Romsey Town vs. Fen Ditton

Saturday, June 12, 2010
Trinity College (Old Field)

Fen Ditton (220/7 in 40 6-ball overs)
defeated
Romsey Town (156/5 in 40 6-ball overs)
by 64 runs.

Having had Fortress Trinity decisively breached by Wilbrahams last week, we really needed to rebuild the ramparts today to prevent Fen Ditton from exploiting our weakened defenses. (Or some such metaphor, not that it really matters how today's events are reported, as writing about them won't make them any better - you can't polish a turd, as they say . . .)

Fen Ditton won the toss and elected to bat first, although they struggled to score initially, being just 12/1 after 7 overs, 38/1 after 14 overs, and 57/1 after 18 overs. We would have liked a few more wickets, especially as ex-Ditton man Nick Clarke had warned us that their left-handed number three, Andy Hayward, was capable of playing a long innings. Not that it would matter if we could get his partners out, which seemed a real possibility after Russell Woolf (1/48) removed the remaining opener and the number four batsman played some unconvincing wafts at balls outside off-stump. Presumably a few more deliveries in that general area would have seen the end of him, but we apparently decided that approach would have been too logical, and instead opted to see if he could deal with leg-side full-tosses anf long-hops. And it turns out he could. Over the next hour Romsey Town deflated like a left-over balloon as we bowled badly and didn't field much better. There were dropped catches, balls kicked over the boundary and fumbled run outs; in short it was a fucking atrocious effort. What was even more frustrating was the sense that we just needed a single wicket to be right back in the game, a feeling that was vindicated when we did finally make a belated breakthrough in the 33rd over. Opening bowlers Daniel Mortlock (3/31) and Any Owen (2/27) came back on and, along with Russ, took 5/33 in 7 overs at the end. Unfortunately, it was all too late - if we'd been able to do that 10 overs earlier we'd have been chasing a highly-gettable sub-200 target; as it was Fen Ditton went to tea with what felt like a winning total.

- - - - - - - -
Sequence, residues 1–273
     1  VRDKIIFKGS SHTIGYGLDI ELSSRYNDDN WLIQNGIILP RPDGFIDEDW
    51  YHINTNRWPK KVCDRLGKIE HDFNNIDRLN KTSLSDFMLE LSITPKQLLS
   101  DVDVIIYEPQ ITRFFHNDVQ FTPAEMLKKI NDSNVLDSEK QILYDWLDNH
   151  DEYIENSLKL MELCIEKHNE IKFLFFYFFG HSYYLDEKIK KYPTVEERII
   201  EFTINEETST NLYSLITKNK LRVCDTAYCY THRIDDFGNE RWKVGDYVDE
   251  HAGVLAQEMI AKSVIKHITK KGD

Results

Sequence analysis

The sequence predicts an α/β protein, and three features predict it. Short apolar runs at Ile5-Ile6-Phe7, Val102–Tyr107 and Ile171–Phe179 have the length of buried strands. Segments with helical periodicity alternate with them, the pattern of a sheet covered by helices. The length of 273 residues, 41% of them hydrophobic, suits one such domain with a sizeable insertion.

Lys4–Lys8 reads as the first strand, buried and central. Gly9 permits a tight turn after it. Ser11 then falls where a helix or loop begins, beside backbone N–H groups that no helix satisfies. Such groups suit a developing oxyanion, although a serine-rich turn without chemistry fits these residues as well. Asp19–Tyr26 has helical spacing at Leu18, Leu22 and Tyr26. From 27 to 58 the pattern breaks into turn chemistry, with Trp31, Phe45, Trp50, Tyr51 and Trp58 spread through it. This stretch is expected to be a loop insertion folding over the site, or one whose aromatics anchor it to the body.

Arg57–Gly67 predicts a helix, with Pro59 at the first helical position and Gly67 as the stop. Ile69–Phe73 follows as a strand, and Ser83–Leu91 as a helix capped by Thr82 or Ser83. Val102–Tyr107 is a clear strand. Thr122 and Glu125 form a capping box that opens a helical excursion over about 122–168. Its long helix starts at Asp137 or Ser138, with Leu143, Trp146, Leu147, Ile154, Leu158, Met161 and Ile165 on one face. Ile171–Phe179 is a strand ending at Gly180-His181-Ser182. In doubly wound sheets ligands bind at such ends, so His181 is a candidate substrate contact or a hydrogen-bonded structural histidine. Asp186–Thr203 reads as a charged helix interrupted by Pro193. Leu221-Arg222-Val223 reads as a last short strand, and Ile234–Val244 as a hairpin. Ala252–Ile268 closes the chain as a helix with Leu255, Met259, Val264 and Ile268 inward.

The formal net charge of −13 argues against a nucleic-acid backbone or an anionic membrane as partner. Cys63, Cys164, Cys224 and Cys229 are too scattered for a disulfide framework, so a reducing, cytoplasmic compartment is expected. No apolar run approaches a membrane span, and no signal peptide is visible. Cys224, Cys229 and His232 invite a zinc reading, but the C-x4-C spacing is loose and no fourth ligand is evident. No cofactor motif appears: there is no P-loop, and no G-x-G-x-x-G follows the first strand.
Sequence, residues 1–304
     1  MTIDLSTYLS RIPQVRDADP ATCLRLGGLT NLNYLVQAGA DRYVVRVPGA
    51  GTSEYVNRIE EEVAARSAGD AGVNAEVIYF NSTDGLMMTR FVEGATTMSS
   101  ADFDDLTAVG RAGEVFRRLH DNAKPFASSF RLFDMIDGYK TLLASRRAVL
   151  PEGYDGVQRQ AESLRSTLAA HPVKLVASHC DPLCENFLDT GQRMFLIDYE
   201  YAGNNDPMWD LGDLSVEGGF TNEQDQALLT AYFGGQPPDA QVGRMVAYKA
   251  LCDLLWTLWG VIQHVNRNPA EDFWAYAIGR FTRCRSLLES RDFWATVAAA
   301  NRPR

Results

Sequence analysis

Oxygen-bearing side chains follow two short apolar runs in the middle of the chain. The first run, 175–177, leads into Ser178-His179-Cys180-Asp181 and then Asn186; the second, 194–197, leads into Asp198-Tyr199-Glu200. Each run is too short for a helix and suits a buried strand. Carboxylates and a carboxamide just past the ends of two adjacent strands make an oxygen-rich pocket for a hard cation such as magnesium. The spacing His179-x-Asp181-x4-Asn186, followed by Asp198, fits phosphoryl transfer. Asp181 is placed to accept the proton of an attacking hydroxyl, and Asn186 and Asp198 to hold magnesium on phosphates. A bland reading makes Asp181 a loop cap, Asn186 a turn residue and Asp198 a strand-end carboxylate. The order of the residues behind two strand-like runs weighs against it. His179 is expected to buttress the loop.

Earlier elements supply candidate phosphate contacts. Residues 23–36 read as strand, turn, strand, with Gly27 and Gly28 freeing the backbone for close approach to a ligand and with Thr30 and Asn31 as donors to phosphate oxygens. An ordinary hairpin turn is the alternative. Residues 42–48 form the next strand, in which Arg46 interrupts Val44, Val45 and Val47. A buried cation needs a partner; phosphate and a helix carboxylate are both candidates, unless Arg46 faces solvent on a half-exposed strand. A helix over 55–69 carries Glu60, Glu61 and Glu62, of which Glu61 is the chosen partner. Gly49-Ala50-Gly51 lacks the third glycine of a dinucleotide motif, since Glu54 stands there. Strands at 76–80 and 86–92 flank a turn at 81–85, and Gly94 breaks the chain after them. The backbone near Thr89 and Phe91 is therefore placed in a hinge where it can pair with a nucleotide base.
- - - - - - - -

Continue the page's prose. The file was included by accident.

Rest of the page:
Still, Denise, Catherine and Michael Owen provided us with a magnificent feast that hopefully fuelled our weary batsmen whilst simultaneously weighing down the Ditton fielders as well. It's not clear whether this plan worked, but it's possible that the young Fen Ditton opening bowler was on a sugar high from the plentiful doughnuts, as he was so ran up with such enthusiasm that he spoilt what would have been an excellent spell with five front-foot no balls, one of which crashed into Rod's stumps. This piece of good fortune excepted, openers Rod Dennis (27 off 58 balls) and Nick Clarke (33 off 47 balls) were otherwise fairly untroubled, taking Romsey to a healthy 66/0 after 15 overs. There was still plenty of work to do, with the required run rate up to 6.20 an over, but scoring 155 off 25 overs with two batsmen well-set and ten wickets in hand didn't seem too daunting a challenge.

Except we then lost 4/4 in the space of 16 balls as Fen Ditton reaped the benefits of bowling (fairly) full and (fairly) straight. Our chances of winning were all but gone, a notion which was cemented over the next dozen overs as neither Arnie Garside (15 off 47 balls) nor Andy Owen (16* off 38 balls at one stage) found a way to score freely. By the time Arnie fell (to a brilliant return catch by the opening bowler), the match was dead: with only 33 balls left we were still 97 runs short of Fen Ditton's total and, indeed, still needed another 37 runs for a fourth batting point. In parallel to our fielding innings, Andy (who finished on 44* off 68 balls) and Daniel Mortlock (11* off 15 balls) made something of a comeback, but it was once again "too little, too late", and in the end Daniel could only manage a mis-hit single off the last ball, rather than the six we'd needed to get to 160.

In last week's loss to the Wilbrahams we at least had the consolation that there wasn't too much we could have done differently, but today we probably would have been able to win if we'd just bowled fewer rank long-hops and taken the catches that came our way. Last week Fortress Trinity was invaded, whereas today it was more like inviting the enemy to drop by for an afternoon's friendly raping and pillaging. About the only thing that had gone right for us today was that both teams had bowled their overs fast enough that there was time for everyone to dash off in time to see England's opening match of the football World Cup. But even that turned sour as the entire nation reacted in horror as England keeper Robert Green fumbled the ball into his own net (a performance which might see him offered a role as specialist fielder for Romsey Town).